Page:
A 68 year old woman developed oculomotor paresis shortly after metastatic progression of her melanoma was discovered. She was then immunised with the tumour antigen MAGE-3 in combination with an immunological adjuvant. During immunisation her symptoms worsened and she developed severe, predominantly proximal axonal motor neuropathy and became bedridden. IgM antibodies against gangliosides GM2, GD3, and GQ1b were detected in serum obtained two weeks before and nine weeks after the onset of symptoms. Immunohistochemically, the patient’s IgM reacted with the tumour and co-localised with GQ1b. She improved neurologically following steroid treatment and became ambulatory.
- paraneoplastic syndrome
- malignant melanoma
- motor neuropathy
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Malignant melanoma is a potentially immunogenic tumour, and the development of melanoma vaccines has been an important line of research. Tumour specific antigens used as targets of melanoma immunotherapy are often surface glycoproteins that share immunogenic similarities with glycoproteins on the surface of normal melanocytes and cells in the central and peripheral nervous systems. The immune response against these melanoma antigens may also cross react with normal melanocytes or neurones, resulting in several clinical symptoms such as vitiligo, inappropriate secretion of antidiuretic hormone (SIADH), and chronic inflammatory demyelinating polyneuropathy (CIDP). We describe a patient with malignant melanoma who developed oculomotor paresis followed by a subacute motor axonal neuropathy associated with antiganglioside antibodies suggesting cross reactivity (“molecular mimicry”) between melanoma and peripheral nerve antigens.
The patient had been diagnosed with a malignant melanoma on her left foot in 1983. This was surgically excised (Breslow thickness 1.9 mm). In March 2000, at the age of 68, she complained of night sweating and weight loss of 17 kg over the previous six months. Computed tomography (CT) showed extensive retroperitoneal and left iliac lymphadenopathy. A CT guided biopsy of an iliac lymph node was undertaken and pathological examination showed malignant melanoma. Reverse transcriptase polymerase chain reaction (RT-PCR) showed tumour expression of the tumour antigen MAGE-3, and the patient was included in an immunotherapy trial. The treatment consisted of three intramuscular vaccinations at weekly intervals with 300 μg MAGE-3 recombinant protein in combination with immunological adjuvant.
In June, one week before the first vaccination, she developed double vision. Two weeks later she was referred to the neurology clinic. Examination revealed fluctuating external ophthalmoplegia. Motor and sensory examination was normal apart from absent deep tendon reflexes.
One month later (five weeks after the first vaccination), she developed rapidly progressive and predominantly proximal motor weakness: MRC muscle strength grade 3 in the deltoids and hip flexors, grade 4 in biceps and triceps, and grade 5 distally; weakness in the neck flexors was MRC grade 2. Sensory examination remained normal. The patient was admitted to our hospital for further investigation.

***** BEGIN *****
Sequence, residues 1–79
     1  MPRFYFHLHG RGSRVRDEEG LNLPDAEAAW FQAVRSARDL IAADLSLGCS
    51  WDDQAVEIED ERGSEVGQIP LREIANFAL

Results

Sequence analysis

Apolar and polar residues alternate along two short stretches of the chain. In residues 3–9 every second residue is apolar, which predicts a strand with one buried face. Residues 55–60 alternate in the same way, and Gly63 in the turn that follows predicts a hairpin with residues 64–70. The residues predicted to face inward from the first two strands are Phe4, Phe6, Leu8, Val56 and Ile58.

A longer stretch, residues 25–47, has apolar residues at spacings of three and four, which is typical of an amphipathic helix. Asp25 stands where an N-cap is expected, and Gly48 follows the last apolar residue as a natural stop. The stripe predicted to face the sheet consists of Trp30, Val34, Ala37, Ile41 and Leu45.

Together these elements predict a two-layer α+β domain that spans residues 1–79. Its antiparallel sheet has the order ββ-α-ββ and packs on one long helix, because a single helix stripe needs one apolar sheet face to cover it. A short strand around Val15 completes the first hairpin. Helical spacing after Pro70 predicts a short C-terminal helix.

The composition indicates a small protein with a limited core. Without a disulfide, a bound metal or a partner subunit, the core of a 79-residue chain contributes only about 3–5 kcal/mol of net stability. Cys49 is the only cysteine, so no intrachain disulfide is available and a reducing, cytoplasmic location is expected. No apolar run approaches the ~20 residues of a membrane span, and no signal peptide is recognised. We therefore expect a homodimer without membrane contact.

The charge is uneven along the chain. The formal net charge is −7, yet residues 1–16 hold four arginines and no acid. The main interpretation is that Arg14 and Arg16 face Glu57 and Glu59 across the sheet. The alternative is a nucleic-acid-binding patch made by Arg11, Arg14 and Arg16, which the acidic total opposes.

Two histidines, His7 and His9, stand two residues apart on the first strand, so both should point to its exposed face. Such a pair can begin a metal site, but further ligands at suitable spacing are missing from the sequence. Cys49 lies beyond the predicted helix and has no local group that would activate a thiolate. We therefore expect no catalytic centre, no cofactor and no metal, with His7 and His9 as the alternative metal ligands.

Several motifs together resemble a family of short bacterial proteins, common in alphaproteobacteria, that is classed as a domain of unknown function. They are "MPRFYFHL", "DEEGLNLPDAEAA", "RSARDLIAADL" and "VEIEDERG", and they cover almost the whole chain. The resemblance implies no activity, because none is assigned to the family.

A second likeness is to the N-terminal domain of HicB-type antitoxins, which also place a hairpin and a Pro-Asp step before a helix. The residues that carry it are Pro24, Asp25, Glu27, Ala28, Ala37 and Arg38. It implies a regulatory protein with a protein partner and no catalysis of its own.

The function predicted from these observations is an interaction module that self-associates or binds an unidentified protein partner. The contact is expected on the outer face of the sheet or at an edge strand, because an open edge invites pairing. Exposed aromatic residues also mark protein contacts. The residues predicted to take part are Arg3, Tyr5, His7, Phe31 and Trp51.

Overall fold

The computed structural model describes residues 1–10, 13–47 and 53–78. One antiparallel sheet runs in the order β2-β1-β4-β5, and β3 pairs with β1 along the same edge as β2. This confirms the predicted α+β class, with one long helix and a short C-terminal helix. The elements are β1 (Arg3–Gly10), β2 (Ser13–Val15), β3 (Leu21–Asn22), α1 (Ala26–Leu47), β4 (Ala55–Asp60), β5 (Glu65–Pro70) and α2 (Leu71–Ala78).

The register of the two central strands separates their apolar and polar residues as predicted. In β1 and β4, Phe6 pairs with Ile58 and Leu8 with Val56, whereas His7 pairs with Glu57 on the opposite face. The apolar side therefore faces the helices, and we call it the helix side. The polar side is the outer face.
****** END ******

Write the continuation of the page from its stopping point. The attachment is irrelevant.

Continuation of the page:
Cranial and spinal magnetic resonance imaging (MRI) before and after gadolineum administration was normal. The CSF was acellular with raised protein (1.9 g/l) and repeatedly negative cytology (on six occasions). Other laboratory studies were unremarkable including creatine kinase, calcium, and thyroid function studies. The erythrocyte sedimentation rate was 68 mm/hour. Antibodies to acetylcholine receptor and voltage gated calcium channels were negative and no antibodies were detected against the paraneoplastic Hu, CV-2, Ri, Yo, or amphiphysin antigens. A neostigmine provocation test produced no improvement in her symptoms. Electrophysiological studies showed normal motor and sensory nerve conduction velocities with normal or only mildly decreased motor amplitudes. There were no signs of dispersion or conduction block. Needle electromyography showed widespread acute denervation changes in the proximal muscles and mild denervation in the distal muscles. Low frequency (3 Hz) and high frequency (20 Hz) repetitive nerve stimulation did not change the compound muscle action potentials. Because of the proximal distribution of the weakness, a deltoid muscle biopsy was taken. Pathological examination did not show myelitis or myopathy. Sural nerve biopsy showed signs of axonal degeneration without inflammatory cells or immunoglobulin deposits.
The MAGE-3 vaccinations were stopped and she was treated with intravenous immunoglobulin (0.4 g/kg/d for five days). Despite this, her weakness deteriorated and she developed dysphagia and dysarthria. Subsequent steroid treatment (20 mg dexamethasone daily) resulted in a remarkable improvement in strength and bulbar function within two days. She was discharged from hospital on 12 mg dexamethasone a day with a gradual taper. There was continuing improvement in her symptoms and after six weeks she was able to walk again without help. Because of relapsing diplopia she was treated with five plasma exchanges, resulting in subjective improvement. She has remained steroid dependent (dexamethasone 6 mg/d).
Serum samples were obtained from the patient two weeks before the onset of symptoms (three weeks before the vaccination was started) and nine weeks after the onset of symptoms (eight weeks after the vaccination) . Both samples were analysed for the presence of antiganglioside antibodies against GM1, asialo-GM1, GM2, GM3, GD1a, GD1b, GD3, GT1b, and GQ1b with an enzyme linked immunosorbent assay (ELISA) and confirmed with thin layer chromatography as described before.1 Serum was also tested for the presence of IgM and IgA antibodies against Campylobacter jejuni, cytomegalovirus, Epstein-Barr virus, and Mycoplasma pneumoniae, as described.2 Indirect immunofluorescent examination was undertaken on formalin fixed, paraffin embedded sections of the primary melanoma and the metastasis.3 In brief, the sections were prepared for double immunofluorescent labelling by microwave preparation (five minutes at 900 W) in citric acid (pH 6) followed by five minutes of 0.1% pronase treatment at 37°C. The patient’s serum was diluted 1:200 and polyclonal rabbit anti-GQ1b, R2327E4 diluted 1:100 was added, followed by rhodamine and fluorescein labelled secondary antibodies. Antibody specificity was determined by incubation with a non-immune serum and by leaving out the primary serum. Images were analysed and photographed using a confocal fluorescent microscope.